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TIL about dotenv.org! You can use this to share and sync your .env files across machines/teammates. They also allow for the ability to encrypt your secrets and use them in your CI/CD pipelines.

The neat thing about this if someone leaves your company and you don’t have a fancy IT setup, you can just change the keys on the dotenv side of things and the keys the user has on their local machine will no longer be valid!

So I’ve been going pretty hard on my neovim settings and trying to really embrace the command line when doing any sort of development work. Today I learned about something called lazygit which is a terminal gui for git.

After being laid off from Productboard, I’ve been spending time thinking about how I want to continue with my career and what to do with my spare time. Of course landing a job is my priority, but during my time off, I want to devote time to learning skills and technology that I’ve never been able to make the time for in the past.

One thing I’ve always wanted to do (for the “by the way factor”) was setting up vim for my local development work. I devoted the entire day today to set up my neovim config; I’m pretty happy with it so far.

Here’s the config

So if you wanna figure out which commit in a repo caused an issue, git has a useful command to do just that.

git bisect

Read more here…

There’s been a lot of new developments in the space of package bundlers. From the OG Webpack to, Rollup to the new kid on the block esbuild each of them have their own unique set of features.

esbuild offers better build times as it is written in Go, which is compiled to JavaScript. The tradeoff here is that es5 isn’t supported (but that’s okay if you’re not supporting IE11). It’s pretty awesome but as it’s in active development and fairly new, it’s not as widely used as the other bundlers and therefore doesn’t have the rich plugin resource that somethings like webpack has.

However, you can leverage esbuild and plug it into a webpack config and via esbuild-loader I did this at work today and it helped with devserver startup times and greatly improved the production build times.

TIL that there is a cache control header for a shared cache. The s-max-age is similar to the max-age in that they both set a timer to invalidate a cache for a particular resource. The difference between the two is that the s-max-age applies to shared content and therefore applies to content on a CDN.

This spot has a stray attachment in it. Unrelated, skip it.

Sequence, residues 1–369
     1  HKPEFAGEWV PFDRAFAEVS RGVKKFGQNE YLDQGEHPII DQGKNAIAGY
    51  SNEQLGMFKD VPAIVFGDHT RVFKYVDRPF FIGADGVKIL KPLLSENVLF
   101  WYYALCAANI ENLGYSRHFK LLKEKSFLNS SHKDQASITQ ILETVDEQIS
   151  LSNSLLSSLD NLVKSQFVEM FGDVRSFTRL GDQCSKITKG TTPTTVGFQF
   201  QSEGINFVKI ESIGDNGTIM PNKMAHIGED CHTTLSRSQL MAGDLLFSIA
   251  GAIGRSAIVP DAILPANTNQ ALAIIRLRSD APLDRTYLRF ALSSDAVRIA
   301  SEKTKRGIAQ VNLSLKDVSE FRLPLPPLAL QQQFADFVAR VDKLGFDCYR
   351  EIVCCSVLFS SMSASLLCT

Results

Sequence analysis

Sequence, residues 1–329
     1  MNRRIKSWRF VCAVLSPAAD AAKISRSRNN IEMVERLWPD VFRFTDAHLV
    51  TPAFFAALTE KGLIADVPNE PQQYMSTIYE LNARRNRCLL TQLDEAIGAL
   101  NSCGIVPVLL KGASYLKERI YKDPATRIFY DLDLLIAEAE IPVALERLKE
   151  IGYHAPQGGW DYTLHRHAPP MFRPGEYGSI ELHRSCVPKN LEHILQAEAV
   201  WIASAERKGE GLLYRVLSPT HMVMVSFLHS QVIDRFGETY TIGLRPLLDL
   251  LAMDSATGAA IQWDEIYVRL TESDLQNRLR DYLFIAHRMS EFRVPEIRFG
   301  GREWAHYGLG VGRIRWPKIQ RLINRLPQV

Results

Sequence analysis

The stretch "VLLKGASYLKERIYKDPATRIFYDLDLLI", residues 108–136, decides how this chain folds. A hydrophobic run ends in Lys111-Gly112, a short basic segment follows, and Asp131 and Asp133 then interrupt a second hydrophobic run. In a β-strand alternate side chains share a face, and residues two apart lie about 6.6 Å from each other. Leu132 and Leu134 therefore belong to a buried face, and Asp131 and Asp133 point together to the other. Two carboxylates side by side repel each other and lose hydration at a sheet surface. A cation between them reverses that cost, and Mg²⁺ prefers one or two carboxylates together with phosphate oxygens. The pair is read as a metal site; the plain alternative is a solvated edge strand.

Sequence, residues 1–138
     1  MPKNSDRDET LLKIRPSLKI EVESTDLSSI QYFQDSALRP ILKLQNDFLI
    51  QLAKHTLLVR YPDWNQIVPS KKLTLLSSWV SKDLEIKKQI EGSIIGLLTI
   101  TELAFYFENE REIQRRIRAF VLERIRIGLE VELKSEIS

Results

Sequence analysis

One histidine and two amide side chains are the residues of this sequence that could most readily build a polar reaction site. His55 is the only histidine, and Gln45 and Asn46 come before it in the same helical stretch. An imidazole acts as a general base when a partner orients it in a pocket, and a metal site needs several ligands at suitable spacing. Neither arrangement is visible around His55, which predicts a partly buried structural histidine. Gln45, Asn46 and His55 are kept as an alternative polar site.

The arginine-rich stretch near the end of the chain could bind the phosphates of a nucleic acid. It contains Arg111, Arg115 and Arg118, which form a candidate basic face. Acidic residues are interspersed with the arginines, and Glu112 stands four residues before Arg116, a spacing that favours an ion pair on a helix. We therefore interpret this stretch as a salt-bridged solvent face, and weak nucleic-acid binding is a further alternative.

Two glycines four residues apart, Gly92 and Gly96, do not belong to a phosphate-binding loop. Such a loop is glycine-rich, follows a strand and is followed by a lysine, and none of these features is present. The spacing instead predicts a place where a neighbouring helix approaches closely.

This is better in circumstances where we want to force an invalidation for a particular resource. This is not possible with max-age.

There’s a Netlify Identity Widget (that is framework agnostic) which can be leveraged to add some authentication to web apps deployed to Netlify.

There’s a limit of 1000 people but for a small e-commerce business that’s more than enough.

Here it is

While working through my functional programming course, I encountered a fun little leet code exercise. It’s fucking computer science so I’m not even surprised I had to solve a problem like this -.-

Anyway, here’s how the pascal triangle code will work in JS and in Scala

js-example
function run() {
  for (let row = 0; row <= 10; row++) {
    const rec = []
    for (let col = 0; col <= row; col++) {
      rec.push(pascal(col, row))
    }
    console.log(rec)
  }
}

const pascal = (col, row) => {
  if (col === 0 || row < 1 || col === row) return 1
  else return pascal(col, row - 1) + pascal(col - 1, row - 1)
}

run()
scala-example
def main(args: Array[String]): Unit = {
  println("Pascal's Triangle")
  for (row <- 0 to 10) {
    for (col <- 0 to row)
      print(s"${pascal(col, row)} ")
    println()
  }
}

/**
  * Exercise 1
  */
def pascal(c: Int, r: Int): Int = {
  // base case is if c = 0, just 1
  if (c == 0 || r < 2 || c == r) 1
  else pascal(c, r -1) + pascal(c - 1, r - 1)
}

Don’t be a sucka! TIL that you can get free HTTPS on your server thanks to a handy tool called Certbot.

Suck on that people who tried to charge me for HTTPS.

Long story short, t tiers of ec2 instances are spotty and unreliable; stick to using m series at the very least

Single sign-on (SSO) is a property of access control of multiple related, yet indepdent records. Thanks to this property, users can log in with a single ID and password to gain access to any of several related systems.

If you’re working in a corporate setting, this is how you’re able to seamlessly switch between applications (maybe in the browser) and not have to log in despite the fact that all these systems have some sort of authentication and authorization piece associated with them.

Read more about it here!

I’ll be honest, up until today, I never really cared about character encodings and didn’t ever bother to learn anything about them… what a huge mistake! Character encodings are the unsung heroes that allow us to display languages (besides English) reliabely on computer systems.

The gist of UTF-8 is that it is an encoding that allows us to take Unicode code and map said codes to meaningful linguinstic representations. Codes that are between 0 and 127 occupy 8 bits — a single byte — and then any codes above this upper bound can use up to 6 bytes. The beauty of this system is that strings encoded in UTF-8 look exactly the same as strings encoded in ASCII. Americans are chilling and don’t need to worry about squat, while the rest of the world has to “jump through hoops” to make sure that they’re alphhabet will work across computer systems.

Read more here

Buddy works allows us to create pipelines for our projects! Similar to how envoyer and deploybot works!
It comes with a bunch of prebuilt recipes for when you try to set up your actions. We’re using it to do deployments to a project site after PRs are merged and firing off notifications on slack!

Check it out

Blog post about: My recap of what I learned with Jem Young regarding WebAssembly